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Tennis Australia chief Craig Tiley reveals ‘significant abuse’ he received during Australian Open

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Craig Tiley, the CEO of Tennis Australia, revealed the stress of planning the 2021 Open during the covid-19 pandemic has seen his receive ‘significant abuse’ and led to him sending his family away from their own home. 

Over the last six weeks, during the build-up to the Australian Open, passengers from three of the 15 charter flights to the tournament returned positive coronavirus tests, forcing 72 players and their teams into quarantine right before the competition. 

Tiley committed to daily Zoom calls, most in the evening and nighttime, with all the female and male players, their support staff and then ‘critical workforce’ flying in for the event, such as umpires and international media. These calls lasted around five hours every day.

Craig Tiley, the CEO of Tennis Australia, revealed the stress of planning the 2021 Open

Craig Tiley, the CEO of Tennis Australia, revealed the stress of planning the 2021 Open

A total of 451 people, including 72 players, were forced into quarantine before tournament

A total of 451 people, including 72 players, were forced into quarantine before tournament

The 59-year-old South African fronted up to all 451 frustrated people over video calls, guiding them through the process of the covid-19 regulations but it came at some price for Tiley. 

‘I got abused on the calls. It was significant,’ Tiley said.

‘There were a lot of complaints about a lot of things, and some of it was fine. We were just trying to do our best.

‘So I made a decision that was I going to front it and I was going to take the heat from everyone, not anyone from my team.

‘But normally when you take heat, you take it once. This was 15 straight days. It’s like being attacked for 15 straight days, verbally.’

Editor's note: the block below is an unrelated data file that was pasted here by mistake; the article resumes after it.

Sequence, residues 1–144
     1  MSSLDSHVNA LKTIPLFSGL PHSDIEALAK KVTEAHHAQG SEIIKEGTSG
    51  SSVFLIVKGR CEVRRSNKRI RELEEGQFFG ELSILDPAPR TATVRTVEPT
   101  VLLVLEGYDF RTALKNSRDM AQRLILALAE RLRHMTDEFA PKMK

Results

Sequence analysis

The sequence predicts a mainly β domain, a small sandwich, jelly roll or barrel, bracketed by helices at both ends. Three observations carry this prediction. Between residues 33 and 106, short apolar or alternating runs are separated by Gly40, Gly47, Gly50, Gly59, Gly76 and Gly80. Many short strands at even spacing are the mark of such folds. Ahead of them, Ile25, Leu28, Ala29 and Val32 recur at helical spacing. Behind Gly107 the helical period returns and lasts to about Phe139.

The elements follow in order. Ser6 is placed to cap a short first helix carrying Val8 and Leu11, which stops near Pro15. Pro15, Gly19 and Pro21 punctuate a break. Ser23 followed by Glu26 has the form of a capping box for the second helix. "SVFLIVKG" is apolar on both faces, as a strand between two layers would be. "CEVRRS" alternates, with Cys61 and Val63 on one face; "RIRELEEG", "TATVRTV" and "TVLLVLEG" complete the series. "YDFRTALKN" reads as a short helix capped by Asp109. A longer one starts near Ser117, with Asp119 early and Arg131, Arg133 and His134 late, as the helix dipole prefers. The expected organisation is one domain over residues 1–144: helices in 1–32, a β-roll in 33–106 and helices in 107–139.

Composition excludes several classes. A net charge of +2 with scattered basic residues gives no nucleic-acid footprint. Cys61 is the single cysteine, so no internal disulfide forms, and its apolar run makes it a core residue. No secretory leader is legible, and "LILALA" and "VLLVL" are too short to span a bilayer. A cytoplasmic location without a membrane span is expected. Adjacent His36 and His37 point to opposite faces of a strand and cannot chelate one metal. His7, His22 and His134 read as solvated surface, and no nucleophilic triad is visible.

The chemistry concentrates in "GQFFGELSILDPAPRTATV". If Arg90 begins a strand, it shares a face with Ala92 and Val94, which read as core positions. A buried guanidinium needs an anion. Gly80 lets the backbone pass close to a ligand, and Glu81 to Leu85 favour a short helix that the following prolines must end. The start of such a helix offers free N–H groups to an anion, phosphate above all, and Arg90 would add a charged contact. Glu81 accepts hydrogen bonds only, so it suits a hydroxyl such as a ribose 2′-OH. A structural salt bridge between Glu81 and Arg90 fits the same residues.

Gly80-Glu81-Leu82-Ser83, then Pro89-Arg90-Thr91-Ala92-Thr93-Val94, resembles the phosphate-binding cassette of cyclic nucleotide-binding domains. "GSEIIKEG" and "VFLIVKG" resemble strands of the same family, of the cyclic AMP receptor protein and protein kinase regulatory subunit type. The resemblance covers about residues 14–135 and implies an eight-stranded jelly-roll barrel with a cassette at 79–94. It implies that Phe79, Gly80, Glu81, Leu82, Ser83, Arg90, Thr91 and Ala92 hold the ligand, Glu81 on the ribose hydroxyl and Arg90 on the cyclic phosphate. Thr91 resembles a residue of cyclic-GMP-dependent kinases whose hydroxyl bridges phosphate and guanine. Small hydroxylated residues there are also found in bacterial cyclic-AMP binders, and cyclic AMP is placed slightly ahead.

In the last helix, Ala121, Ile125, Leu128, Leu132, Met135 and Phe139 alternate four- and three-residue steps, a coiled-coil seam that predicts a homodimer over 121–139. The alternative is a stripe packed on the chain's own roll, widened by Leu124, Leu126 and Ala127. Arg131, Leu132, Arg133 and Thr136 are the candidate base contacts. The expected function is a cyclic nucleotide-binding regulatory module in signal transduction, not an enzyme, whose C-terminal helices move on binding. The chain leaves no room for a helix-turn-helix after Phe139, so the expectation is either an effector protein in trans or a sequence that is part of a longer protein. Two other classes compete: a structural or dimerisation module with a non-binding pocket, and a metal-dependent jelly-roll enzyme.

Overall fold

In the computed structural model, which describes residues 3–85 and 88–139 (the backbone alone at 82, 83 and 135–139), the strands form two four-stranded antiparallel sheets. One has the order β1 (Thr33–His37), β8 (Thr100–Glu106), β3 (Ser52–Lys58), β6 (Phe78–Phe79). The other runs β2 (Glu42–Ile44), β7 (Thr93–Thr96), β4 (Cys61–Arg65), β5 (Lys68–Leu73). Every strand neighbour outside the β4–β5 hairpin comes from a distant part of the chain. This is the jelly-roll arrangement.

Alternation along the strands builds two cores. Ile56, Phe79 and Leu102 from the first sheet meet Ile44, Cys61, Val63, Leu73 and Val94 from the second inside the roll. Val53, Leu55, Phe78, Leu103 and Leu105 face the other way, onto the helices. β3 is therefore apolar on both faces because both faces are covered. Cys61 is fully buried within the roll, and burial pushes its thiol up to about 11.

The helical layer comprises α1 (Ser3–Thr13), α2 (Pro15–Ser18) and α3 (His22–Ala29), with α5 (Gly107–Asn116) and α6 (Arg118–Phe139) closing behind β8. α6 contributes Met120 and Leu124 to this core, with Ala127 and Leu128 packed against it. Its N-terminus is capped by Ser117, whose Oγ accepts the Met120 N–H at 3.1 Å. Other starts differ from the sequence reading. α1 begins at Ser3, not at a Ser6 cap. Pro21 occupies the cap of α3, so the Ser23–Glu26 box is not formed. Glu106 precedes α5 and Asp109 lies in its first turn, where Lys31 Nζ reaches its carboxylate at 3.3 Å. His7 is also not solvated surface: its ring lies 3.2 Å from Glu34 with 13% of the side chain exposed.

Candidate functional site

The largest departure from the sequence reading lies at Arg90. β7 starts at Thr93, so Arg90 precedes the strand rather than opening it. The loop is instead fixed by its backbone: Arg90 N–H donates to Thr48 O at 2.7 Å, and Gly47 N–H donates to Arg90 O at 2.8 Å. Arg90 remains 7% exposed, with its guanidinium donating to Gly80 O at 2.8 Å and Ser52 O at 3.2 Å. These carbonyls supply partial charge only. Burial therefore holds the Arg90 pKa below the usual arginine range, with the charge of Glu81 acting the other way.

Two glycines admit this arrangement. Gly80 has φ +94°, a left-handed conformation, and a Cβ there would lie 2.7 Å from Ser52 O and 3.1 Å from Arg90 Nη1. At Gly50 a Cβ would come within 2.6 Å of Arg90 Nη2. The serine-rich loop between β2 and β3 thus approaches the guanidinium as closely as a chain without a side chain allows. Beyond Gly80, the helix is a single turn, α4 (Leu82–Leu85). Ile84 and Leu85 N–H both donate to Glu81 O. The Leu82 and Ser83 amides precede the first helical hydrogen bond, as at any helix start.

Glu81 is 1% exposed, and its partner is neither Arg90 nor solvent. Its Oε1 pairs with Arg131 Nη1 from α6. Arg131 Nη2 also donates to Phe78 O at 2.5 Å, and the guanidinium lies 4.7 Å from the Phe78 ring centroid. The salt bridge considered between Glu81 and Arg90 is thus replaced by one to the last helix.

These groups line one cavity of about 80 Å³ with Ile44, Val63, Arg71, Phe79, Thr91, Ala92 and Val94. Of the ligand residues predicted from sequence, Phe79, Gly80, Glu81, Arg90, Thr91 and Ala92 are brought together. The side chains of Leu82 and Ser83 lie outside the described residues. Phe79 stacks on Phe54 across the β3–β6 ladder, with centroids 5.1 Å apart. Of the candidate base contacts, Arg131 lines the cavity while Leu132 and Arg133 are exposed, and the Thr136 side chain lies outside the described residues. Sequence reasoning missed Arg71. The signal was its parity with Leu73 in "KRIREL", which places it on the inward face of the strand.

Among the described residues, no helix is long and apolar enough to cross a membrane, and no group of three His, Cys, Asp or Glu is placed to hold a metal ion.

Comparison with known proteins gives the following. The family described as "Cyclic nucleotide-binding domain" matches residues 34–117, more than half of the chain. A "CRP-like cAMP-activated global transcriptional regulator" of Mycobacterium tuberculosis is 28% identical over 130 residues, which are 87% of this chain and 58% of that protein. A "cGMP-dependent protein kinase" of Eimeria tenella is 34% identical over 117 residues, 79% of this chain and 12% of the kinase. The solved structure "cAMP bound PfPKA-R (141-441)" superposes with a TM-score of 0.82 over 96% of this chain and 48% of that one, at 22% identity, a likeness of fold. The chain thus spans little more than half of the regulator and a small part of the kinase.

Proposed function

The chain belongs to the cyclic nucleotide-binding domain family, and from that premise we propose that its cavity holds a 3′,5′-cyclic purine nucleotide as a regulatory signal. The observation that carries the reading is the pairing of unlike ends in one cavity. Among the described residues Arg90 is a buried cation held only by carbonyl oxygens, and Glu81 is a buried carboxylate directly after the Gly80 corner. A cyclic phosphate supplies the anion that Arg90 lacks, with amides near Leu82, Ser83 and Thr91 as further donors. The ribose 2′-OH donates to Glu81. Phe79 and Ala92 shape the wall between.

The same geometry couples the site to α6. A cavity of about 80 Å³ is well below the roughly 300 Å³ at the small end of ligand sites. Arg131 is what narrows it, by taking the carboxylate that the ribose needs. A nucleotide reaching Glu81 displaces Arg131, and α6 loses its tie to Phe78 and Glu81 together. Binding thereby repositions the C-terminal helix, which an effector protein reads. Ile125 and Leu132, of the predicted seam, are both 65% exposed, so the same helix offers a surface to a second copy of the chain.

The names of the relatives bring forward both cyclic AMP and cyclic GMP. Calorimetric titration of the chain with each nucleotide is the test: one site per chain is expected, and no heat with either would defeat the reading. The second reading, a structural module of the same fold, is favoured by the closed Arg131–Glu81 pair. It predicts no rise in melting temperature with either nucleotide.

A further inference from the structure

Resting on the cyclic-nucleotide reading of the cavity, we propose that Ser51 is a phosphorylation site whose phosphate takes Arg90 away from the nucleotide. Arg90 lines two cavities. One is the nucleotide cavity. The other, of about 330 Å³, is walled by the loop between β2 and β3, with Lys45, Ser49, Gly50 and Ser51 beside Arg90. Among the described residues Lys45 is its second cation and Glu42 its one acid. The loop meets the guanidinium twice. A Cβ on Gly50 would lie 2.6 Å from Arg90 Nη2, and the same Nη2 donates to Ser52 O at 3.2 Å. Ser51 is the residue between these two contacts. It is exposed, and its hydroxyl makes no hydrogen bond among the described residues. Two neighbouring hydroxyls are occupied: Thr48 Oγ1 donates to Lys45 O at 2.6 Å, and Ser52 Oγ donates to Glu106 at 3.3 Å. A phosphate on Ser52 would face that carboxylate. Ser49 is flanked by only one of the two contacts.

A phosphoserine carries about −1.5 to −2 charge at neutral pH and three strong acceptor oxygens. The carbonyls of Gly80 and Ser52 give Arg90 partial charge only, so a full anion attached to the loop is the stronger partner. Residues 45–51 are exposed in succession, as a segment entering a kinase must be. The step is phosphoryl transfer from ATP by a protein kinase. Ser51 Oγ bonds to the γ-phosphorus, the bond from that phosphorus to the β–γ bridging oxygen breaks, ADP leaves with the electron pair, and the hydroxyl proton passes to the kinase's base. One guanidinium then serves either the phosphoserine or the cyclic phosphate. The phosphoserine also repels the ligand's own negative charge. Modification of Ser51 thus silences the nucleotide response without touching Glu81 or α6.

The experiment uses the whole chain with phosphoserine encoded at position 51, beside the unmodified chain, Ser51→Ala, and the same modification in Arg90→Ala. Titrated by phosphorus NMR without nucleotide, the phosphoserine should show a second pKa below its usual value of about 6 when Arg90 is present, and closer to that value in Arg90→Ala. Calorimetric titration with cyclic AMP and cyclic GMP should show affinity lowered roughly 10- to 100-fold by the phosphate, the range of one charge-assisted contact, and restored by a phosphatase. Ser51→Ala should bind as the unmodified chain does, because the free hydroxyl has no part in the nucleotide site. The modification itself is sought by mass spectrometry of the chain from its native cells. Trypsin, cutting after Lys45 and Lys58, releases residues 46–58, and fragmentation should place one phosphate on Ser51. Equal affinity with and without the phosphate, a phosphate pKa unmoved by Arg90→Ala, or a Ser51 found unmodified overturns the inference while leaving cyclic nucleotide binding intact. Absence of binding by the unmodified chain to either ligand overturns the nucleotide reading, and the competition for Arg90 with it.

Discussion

Tiley committed to video chats with all the frustrated players and staff for five hours per day

Tiley committed to video chats with all the frustrated players and staff for five hours per day

Tiley moved his wife Ali, his twin boys, aged only seven, and eight-year-old daughter out of the family home and over to a small neighbouring town to Melbourne.

‘Because the stress was too much on the house,’ he said.

‘It was too hard because I don’t think I was in a place to be effective when I was at home.

‘So they left. I was at home by myself for probably seven, eight days. And I needed to be – I was getting hammered.

‘If your’e getting hammered like that, it’s probably better that you don’t have people around you because I would have vented on someone else.

The 59-year-old was subject to 'significant abuse' and moved his family away from their home

The 59-year-old was subject to ‘significant abuse’ and moved his family away from their home

‘They sensed there was a heavy black cloud over the house so they went and when everyone was out of quarantine and they started playing, they came back, and the kids went back to school.’

He even explained the knock-on effect that the abuse was having on his health and sleeping patterns. Tiley failed to sleep for two consecutive nights and described the deprivation as ‘torture’ during some of the toughest weeks of his career.

‘I think I calculated it was like a 50-hour window of staying awake. It’s like torture,’ he said.

‘Sleep deprivation is a form of torture.

‘But it was my choice. I could have cut things off.

‘But it was just important enough to do things.’

This post was first published on DailyMail.

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